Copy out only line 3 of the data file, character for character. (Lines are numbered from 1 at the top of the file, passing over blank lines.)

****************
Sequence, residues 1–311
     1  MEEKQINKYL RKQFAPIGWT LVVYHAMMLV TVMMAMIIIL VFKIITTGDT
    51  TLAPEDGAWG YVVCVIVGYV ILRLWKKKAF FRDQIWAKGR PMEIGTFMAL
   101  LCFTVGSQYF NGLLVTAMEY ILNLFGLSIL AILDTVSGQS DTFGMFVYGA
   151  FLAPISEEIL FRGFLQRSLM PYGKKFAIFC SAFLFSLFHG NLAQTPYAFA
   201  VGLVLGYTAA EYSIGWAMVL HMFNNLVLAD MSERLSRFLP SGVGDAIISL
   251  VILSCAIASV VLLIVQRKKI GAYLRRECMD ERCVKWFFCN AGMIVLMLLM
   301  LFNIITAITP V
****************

    51  TLAPEDGAWG YVVCVIVGYV ILRLWKKKAF FRDQIWAKGR PMEIGTFMAL